Union bosses used controversial rule to gain a foothold in Chattanooga VW plant after previous floor-wide votes failed
Washington, D.C. (February 3, 2017) – With free legal assistance from National Right to Work Foundation staff attorneys, a worker in the Chattanooga, Tennessee Volkswagen plant has filed an amicus curiae brief with the D.C. Circuit U.S. Court of Appeals asking the court to overturn the National Labor Relations Board (NLRB) decision that allowed United Auto Workers (UAW) union bosses to gain access to the plant’s workers through a micro-unit scheme.
In February 2014 workers at the plant rejected UAW union representation in an NLRB sanctioned election. Undeterred, UAW bosses sought to gain a foothold in the plant through a 2011 NLRB decision that allows for what is termed “micro-unit organizing.” The recent NLRB decision allows union officials to gerrymander specific groups of employees into micro-units for union representation votes. In December 2015, the UAW used this tactic to win a vote for a micro-unit, thus imposing a coercive one size-fits-all monopoly bargaining contract on those workers.
Patrick Penderfraft is one of the workers in the VW micro-unit who voted against union representation. He opposed the UAW’s gerrymandering of workers to gain a victory in the vote. The Foundation has now assisted him in filing a brief in D.C. Circuit Court arguing that his vote on union representation was diluted because the micro-unit was substantially made up of pro-union employees rather than the whole workplace which had already rejected unionization.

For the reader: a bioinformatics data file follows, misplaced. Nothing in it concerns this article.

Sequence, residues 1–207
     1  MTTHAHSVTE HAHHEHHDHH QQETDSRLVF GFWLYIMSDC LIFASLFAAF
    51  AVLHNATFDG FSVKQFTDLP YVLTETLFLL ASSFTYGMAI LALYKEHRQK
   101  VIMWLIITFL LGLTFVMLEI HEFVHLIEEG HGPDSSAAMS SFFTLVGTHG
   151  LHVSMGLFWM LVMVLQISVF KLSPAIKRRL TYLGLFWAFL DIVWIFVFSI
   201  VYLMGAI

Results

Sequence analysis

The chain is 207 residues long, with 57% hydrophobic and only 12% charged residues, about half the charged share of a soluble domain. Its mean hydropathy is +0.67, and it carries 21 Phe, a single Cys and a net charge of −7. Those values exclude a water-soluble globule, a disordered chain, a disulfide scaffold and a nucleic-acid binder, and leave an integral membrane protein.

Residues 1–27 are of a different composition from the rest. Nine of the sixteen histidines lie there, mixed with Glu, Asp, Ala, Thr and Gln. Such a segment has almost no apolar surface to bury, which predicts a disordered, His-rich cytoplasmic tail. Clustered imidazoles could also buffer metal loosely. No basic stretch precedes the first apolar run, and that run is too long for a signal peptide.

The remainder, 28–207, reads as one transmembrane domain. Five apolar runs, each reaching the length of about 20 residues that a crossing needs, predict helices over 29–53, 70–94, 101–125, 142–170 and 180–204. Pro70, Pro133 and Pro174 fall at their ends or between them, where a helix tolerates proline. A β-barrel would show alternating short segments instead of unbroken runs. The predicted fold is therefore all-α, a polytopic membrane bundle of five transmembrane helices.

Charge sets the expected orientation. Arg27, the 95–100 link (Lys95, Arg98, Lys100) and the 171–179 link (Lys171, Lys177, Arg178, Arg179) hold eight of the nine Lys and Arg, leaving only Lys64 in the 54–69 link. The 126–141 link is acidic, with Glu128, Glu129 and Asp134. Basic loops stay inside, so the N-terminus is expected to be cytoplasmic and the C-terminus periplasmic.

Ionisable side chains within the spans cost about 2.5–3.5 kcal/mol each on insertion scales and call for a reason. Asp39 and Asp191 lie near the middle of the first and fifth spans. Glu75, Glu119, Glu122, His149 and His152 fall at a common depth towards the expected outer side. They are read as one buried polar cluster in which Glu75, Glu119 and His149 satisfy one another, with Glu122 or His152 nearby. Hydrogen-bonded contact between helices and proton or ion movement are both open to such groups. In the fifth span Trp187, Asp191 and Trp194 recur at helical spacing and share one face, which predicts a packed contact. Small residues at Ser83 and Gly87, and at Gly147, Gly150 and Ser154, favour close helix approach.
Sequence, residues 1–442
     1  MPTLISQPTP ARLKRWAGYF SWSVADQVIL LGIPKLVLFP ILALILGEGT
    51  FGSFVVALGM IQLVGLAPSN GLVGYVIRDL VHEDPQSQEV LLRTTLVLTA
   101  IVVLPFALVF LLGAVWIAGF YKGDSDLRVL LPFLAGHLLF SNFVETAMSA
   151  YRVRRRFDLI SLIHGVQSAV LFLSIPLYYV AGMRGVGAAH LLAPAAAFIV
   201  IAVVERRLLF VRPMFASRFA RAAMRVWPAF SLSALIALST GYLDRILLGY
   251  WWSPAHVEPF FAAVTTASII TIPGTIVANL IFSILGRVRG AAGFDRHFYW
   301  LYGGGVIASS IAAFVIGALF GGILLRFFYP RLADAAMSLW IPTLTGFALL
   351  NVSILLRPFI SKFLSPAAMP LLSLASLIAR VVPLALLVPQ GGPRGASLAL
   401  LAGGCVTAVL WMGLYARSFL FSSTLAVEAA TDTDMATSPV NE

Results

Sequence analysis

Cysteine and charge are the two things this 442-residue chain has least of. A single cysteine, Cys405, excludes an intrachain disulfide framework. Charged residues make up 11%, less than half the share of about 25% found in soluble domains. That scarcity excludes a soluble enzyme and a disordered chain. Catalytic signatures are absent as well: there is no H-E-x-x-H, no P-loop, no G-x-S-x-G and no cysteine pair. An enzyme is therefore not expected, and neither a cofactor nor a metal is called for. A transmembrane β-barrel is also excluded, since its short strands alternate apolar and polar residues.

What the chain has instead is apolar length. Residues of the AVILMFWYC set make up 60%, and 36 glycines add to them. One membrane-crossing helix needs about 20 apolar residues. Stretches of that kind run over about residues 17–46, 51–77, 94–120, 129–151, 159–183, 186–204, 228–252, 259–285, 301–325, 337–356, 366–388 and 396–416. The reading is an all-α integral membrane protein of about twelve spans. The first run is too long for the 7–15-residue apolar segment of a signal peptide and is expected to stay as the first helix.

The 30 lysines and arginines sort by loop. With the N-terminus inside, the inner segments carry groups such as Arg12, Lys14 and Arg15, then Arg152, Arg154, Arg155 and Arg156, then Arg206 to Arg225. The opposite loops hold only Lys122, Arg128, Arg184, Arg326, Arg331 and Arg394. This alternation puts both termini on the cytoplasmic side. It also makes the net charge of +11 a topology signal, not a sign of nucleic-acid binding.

In previous years, Foundation attorneys assisted workers in fighting back against other UAW union boss schemes to unionize the plant, including through card check organizing.
National Right to Work Foundation Mark Mix commented, “The gerrymandering scheme that union bosses used to gain a foothold in the Chattanooga Volkswagen plant is unfair to the workers who voted against union representation only to have the ground rules changed and now are forced into a monopoly union. All workers should have the right to decide on union membership through a secret-ballot election, like the one that took place in 2014 in which union bosses were rejected, instead of through manipulated micro-unit schemes.”
The National Right to Work Legal Defense Foundation is a nonprofit, charitable organization providing free legal aid to employees whose human or civil rights have been violated by compulsory unionism abuses. The Foundation, which can be contacted toll-free at 1-800-336-3600, assists thousands of employees in more than 250 cases nationwide per year.